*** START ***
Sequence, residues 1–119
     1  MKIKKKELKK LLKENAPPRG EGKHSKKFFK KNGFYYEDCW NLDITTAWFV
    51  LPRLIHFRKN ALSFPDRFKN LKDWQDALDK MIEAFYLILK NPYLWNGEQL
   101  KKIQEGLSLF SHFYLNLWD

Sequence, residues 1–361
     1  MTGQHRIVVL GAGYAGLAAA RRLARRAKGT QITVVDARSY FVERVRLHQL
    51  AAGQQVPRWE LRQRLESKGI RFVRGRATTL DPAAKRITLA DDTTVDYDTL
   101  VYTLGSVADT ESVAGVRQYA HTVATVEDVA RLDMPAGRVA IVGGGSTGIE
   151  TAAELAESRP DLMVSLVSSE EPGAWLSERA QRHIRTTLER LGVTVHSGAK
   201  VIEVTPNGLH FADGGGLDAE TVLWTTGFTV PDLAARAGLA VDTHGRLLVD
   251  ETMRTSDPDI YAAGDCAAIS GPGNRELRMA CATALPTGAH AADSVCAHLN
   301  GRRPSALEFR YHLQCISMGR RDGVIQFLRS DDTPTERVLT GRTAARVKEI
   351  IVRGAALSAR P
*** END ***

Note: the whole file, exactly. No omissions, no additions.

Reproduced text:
Sequence, residues 1–119
     1  MKIKKKELKK LLKENAPPRG EGKHSKKFFK KNGFYYEDCW NLDITTAWFV
    51  LPRLIHFRKN ALSFPDRFKN LKDWQDALDK MIEAFYLILK NPYLWNGEQL
   101  KKIQEGLSLF SHFYLNLWD

Sequence, residues 1–361
     1  MTGQHRIVVL GAGYAGLAAA RRLARRAKGT QITVVDARSY FVERVRLHQL
    51  AAGQQVPRWE LRQRLESKGI RFVRGRATTL DPAAKRITLA DDTTVDYDTL
   101  VYTLGSVADT ESVAGVRQYA HTVATVEDVA RLDMPAGRVA IVGGGSTGIE
   151  TAAELAESRP DLMVSLVSSE EPGAWLSERA QRHIRTTLER LGVTVHSGAK
   201  VIEVTPNGLH FADGGGLDAE TVLWTTGFTV PDLAARAGLA VDTHGRLLVD
   251  ETMRTSDPDI YAAGDCAAIS GPGNRELRMA CATALPTGAH AADSVCAHLN
   301  GRRPSALEFR YHLQCISMGR RDGVIQFLRS DDTPTERVLT GRTAARVKEI
   351  IVRGAALSAR P